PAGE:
A Summons To Memphis by Peter Taylor
Winner of the Pulitzer Prize in 1987 A Summon to Memphis is the story of an upper-class family from Tennessee. As the novel begins, Phillip Carver a 40-something successful business man living in Manhattan gets a phone call from his two hysterical sisters begging him to come home because their 81 year old father is about to re-marry. From that point the story drops back in time as Phillip recalls past events of childhood and the circumstances that lead up to this family crisis.
The Carver children were raised during an era when appearances, manners, etiquette, and social status where paramount. And more likely than not, an authoritative father was common in most families, but Mr. Carver certainly excelled in this department. He was from one of the old, elite Nashville clans, was a successful lawyer, handsome, charismatic, distinguished, and sophisticated – in other words very charming, very persuasive and accustomed to getting his way. Unfortunately, you never know what Mr. Carver was thinking because Phillip is telling the story – and his opinions are biased. He spent his entire live intimidated by his dad, and running away to New York was his way of being set free of his fathers domination.
Phillip’s sisters Jo and Betsy chose to remain in Tennessee under their father’s watchful discriminant eye and catered to his every wish their entire lives, but now things are about to change and they are furious. How dare Mr. Carver make plans to start a whole new life with another woman when Jo and Betsy have sacrificed everything to dedicate their lives to him.
Peter Taylor is a very good storyteller. Through Phillip’s eyes, and rambling stream of conscious, the details unfold. You are never quite sure you are getting the entire story. You just know that many of the father’s decisions seemed unreasonable to the kids when they were young. And now – Phillip is relying on his vindictive sisters to report the news from Tennessee. He ponders – which side should he take?… should he go back home and help his sisters force some sense into dear old dad – or support his dad’s decision to remarry?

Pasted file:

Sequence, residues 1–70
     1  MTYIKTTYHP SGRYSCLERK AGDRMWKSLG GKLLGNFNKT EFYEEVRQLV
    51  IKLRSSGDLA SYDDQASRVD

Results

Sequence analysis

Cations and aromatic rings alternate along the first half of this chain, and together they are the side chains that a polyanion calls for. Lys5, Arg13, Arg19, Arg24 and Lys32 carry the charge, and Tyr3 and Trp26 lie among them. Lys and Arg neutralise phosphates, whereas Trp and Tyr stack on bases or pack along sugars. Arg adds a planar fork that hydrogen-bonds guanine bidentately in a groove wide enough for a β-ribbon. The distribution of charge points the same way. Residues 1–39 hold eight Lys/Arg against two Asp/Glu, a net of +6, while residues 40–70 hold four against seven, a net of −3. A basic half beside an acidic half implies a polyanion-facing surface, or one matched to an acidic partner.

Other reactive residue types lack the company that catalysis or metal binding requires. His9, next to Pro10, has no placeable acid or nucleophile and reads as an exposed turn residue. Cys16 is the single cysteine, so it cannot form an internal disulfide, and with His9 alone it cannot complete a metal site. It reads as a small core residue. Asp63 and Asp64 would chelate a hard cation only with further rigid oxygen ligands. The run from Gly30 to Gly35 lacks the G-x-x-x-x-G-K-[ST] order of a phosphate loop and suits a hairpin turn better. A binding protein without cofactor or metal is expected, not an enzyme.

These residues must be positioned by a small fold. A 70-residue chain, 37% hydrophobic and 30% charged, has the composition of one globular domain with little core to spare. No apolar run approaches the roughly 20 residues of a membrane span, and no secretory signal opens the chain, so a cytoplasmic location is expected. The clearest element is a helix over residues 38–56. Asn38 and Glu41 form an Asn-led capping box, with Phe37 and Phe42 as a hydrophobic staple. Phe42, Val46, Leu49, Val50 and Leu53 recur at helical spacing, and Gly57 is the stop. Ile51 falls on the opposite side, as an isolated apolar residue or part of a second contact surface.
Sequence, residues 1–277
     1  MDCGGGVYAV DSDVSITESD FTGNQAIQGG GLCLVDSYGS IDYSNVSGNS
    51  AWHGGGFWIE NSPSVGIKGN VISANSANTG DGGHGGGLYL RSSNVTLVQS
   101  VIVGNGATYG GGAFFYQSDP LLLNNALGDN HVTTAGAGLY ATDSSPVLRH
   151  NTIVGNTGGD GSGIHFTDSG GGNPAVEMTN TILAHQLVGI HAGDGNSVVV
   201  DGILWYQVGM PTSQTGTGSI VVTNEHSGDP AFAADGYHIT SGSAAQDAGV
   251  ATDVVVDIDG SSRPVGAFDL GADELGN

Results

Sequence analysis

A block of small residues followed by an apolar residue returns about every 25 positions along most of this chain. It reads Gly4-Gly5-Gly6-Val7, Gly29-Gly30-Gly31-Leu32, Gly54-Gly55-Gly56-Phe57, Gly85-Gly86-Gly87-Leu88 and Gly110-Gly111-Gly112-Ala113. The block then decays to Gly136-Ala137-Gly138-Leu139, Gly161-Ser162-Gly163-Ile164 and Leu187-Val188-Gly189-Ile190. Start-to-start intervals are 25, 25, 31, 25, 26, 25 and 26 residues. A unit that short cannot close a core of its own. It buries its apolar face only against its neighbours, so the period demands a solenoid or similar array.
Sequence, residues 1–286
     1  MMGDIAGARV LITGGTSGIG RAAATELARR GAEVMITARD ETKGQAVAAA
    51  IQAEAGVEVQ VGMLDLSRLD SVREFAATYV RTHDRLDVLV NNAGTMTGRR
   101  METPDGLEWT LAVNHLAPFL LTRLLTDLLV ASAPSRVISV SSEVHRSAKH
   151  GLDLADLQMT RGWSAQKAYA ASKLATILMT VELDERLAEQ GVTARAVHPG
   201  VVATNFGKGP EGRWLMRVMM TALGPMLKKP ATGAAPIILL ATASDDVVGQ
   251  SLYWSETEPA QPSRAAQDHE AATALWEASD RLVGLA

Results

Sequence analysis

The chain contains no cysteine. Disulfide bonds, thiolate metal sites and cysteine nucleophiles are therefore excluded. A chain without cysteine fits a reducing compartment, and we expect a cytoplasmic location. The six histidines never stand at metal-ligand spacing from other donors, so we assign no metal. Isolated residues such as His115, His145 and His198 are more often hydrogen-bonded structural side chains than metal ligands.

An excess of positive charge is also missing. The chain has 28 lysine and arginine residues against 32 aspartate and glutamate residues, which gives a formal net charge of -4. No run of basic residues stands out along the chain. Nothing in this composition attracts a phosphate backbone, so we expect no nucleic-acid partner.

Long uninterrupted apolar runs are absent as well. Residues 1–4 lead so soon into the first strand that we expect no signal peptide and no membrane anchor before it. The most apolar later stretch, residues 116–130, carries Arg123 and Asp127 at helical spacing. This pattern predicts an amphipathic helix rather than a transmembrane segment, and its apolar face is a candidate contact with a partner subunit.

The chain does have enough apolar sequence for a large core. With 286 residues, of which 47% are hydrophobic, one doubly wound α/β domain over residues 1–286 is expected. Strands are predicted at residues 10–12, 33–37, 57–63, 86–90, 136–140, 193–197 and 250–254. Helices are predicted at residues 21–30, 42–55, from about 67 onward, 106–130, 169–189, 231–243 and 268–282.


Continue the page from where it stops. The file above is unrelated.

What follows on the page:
It’s an intriguing tale because even though some of the dad’s decisions seem downright mean and cold-hearted, it’s also a fact that most parents make some mistakes in raising their children. And it’s interesting how some children can grow up and move past that – go on with their lives and be happy and successful, while other children get stuck in a rut stewing about past grievances and blame the parents for everything… for the rest of their lives.
Some critics complain that the plot is boring. A Summons to Memphis is more about character analysis than action and adventure. While Phillip relates his tale he occasionally repeats himself – goes back over events, mulls over his feelings – recalls missed details, all in a very thoughtful realistic way – as he determines what action he will take, and you somehow get the feeling that after his story is told, he still continues to reassure himself that in the end – he did do right thing. Didn’t he?
Rated 4 Stars December 19, 2016
All contents © 2016 Lois Weisberg. All rights reserved.